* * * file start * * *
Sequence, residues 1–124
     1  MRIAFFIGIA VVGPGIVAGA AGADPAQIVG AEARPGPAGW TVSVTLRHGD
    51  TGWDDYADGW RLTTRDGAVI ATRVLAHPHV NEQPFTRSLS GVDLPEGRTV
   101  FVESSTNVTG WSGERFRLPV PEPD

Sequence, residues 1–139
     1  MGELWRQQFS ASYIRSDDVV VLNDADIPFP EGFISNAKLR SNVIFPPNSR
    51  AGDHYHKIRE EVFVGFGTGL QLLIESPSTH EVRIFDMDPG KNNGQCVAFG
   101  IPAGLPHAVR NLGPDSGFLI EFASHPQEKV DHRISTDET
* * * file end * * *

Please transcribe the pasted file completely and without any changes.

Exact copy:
Sequence, residues 1–124
     1  MRIAFFIGIA VVGPGIVAGA AGADPAQIVG AEARPGPAGW TVSVTLRHGD
    51  TGWDDYADGW RLTTRDGAVI ATRVLAHPHV NEQPFTRSLS GVDLPEGRTV
   101  FVESSTNVTG WSGERFRLPV PEPD

Sequence, residues 1–139
     1  MGELWRQQFS ASYIRSDDVV VLNDADIPFP EGFISNAKLR SNVIFPPNSR
    51  AGDHYHKIRE EVFVGFGTGL QLLIESPSTH EVRIFDMDPG KNNGQCVAFG
   101  IPAGLPHAVR NLGPDSGFLI EFASHPQEKV DHRISTDET